Morning’s light meant a return to the road. We headed out on Hwy 97 south through Klamath Falls and into northern California.  As we passed Mt. Shasta (14,162 feet) and drove southeast toward Lassen Volcanic National Park, more detours due to forest fires made it clear we had to leave the Cascades area altogether. There were not many travel routes to choose from so we tracked back to Interstate Hwy 5 and headed south to Sacramento. Everywhere we had ventured, major forest fires forced a change of travel plans– starting in the Bob Marshall Wilderness two weeks earlier, then Idaho, Oregon and now in California.

The next day marked the end of vacation for my wife so we dropped her at the airport early in the morning. Jon and I had a long drive to reach our next destination, heading west on Hwy 50 to connect with Hwy 395 south of Carson City, then continuing south to Lee Vining, CA. We had made reservations at Lake View Lodge and were meeting two other friends for the next phase —a week of backpacking and a return to wilderness adventure.

The plan was to hike a day in Yosemite, somewhere north of the Valley and south of Tioga Road, down to North Dome and a look across the Valley at Half Dome and down the Merced River Valley to the southeast. A nice one day hike is what we envisioned. Then we were heading north of Yosemite to backpack in the Hoover Wilderness and northern portions of Yosemite.  More about that adventure in the next post.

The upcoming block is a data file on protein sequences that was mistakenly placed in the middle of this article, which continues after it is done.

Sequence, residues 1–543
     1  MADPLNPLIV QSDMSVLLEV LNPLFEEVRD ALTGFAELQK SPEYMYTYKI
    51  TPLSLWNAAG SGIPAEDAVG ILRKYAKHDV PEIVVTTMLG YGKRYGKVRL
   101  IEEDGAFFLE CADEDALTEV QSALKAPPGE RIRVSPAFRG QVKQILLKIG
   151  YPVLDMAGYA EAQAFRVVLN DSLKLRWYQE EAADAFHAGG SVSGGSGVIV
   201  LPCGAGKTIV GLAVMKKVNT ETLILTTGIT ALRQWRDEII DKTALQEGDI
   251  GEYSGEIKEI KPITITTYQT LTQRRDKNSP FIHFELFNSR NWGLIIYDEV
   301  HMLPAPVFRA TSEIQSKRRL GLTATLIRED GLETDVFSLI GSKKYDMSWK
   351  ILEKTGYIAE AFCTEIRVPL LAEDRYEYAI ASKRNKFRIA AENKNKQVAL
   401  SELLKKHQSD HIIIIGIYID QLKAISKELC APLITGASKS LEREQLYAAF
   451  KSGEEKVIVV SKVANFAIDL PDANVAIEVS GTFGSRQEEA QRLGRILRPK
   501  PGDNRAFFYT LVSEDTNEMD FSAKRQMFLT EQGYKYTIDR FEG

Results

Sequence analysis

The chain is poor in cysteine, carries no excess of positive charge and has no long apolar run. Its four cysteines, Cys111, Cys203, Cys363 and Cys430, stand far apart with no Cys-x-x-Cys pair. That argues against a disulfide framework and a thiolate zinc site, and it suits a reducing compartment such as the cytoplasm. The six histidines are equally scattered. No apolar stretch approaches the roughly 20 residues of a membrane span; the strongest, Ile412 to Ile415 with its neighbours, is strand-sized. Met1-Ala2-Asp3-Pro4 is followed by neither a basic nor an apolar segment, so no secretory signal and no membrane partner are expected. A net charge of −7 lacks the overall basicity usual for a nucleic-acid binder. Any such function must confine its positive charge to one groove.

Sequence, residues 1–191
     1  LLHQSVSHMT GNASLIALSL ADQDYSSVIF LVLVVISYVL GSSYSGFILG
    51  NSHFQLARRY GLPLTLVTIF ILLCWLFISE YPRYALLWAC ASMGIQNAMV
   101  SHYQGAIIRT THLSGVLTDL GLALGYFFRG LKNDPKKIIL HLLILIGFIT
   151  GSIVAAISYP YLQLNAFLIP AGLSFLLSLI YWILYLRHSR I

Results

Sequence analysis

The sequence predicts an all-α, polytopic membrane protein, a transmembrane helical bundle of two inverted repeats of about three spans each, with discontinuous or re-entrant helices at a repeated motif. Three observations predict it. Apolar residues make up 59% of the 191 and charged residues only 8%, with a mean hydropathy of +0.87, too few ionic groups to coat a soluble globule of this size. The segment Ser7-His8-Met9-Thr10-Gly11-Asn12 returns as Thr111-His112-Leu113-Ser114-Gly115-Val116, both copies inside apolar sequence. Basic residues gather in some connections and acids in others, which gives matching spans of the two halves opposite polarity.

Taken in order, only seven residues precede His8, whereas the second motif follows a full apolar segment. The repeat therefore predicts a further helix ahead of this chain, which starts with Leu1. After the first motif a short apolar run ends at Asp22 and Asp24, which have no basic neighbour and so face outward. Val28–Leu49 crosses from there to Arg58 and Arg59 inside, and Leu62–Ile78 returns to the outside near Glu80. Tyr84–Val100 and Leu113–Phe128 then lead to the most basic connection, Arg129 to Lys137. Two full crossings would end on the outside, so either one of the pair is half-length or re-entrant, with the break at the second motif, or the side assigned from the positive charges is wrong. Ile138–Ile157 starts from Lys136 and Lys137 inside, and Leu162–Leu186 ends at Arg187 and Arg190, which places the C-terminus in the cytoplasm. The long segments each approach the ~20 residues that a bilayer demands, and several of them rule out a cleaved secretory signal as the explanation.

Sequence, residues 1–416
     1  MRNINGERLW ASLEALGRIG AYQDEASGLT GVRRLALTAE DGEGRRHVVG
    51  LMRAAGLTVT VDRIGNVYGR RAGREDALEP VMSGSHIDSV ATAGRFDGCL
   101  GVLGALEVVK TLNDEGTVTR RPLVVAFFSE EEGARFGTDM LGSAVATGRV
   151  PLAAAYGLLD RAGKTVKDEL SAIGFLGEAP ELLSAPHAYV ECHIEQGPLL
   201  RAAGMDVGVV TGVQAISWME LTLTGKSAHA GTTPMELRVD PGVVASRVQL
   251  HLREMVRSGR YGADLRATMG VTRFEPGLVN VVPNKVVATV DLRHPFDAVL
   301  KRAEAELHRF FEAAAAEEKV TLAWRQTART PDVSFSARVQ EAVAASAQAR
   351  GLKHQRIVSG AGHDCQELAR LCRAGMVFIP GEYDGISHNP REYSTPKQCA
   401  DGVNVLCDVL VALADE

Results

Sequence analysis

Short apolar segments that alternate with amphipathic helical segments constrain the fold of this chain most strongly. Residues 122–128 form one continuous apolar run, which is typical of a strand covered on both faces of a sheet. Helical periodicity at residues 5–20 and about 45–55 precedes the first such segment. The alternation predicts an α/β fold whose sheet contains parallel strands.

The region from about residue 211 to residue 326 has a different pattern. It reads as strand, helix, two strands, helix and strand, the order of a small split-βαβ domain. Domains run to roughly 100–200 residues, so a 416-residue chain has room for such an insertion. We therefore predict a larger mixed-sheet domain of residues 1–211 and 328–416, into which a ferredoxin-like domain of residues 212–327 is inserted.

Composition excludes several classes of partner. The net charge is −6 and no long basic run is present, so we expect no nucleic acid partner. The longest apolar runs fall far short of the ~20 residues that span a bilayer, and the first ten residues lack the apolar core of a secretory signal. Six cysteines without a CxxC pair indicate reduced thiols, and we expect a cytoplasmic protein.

About Mike Hohmann

I did lots of camping/hiking as a kid in the Scouts, and I still strive to 'be prepared.' After high school, I got bored with more school and enlisted in the Army Corps. of Engineers, doing two tours in Vietnam. Post military, I completed BS and MBA degrees and spent several decades with Corporate America, working mostly in the areas of conventional and renewable energy. I also spent over a decade as a self-employed small business consultant in marketing and finance. As a young family man with a wife and two kids, we spent many vacations camping and hiking in northern Minnesota. I spent additional long weekends fishing the rivers and camping/hiking along the North Shore of Lake Superior. I retired early and hit the trails hard-- in the lower-48, Alaska, and western Canada. These days I backpack, car-camp and day-hike, go snowshoeing, and try to get the grand-kids out to teach them the ways of the trail. Other interests include American Revolutionary War and Civil War history, 19th and 20th century firearms, Native American history; business and macroeconomics. I'm a recently-licensed amateur (Ham) radio operator, and I look forward to many radio-related adventures in coming months. Life is good! Member, Superior Hiking Trail Association; Member, Appalachian Mountain Club; Member, REI; Member, ARRL- Amateur Radio Relay League, the National Assoc. for Amateur Radio; Twin Cities Metro Skywarn Spotter; Twin City FM Club; Richfield Amateur Radio Club; QRP ARCI, Low-Power Amateur Radio Club International; Honorary Member, Toronto QRP Society; Life Member, National Rifle Association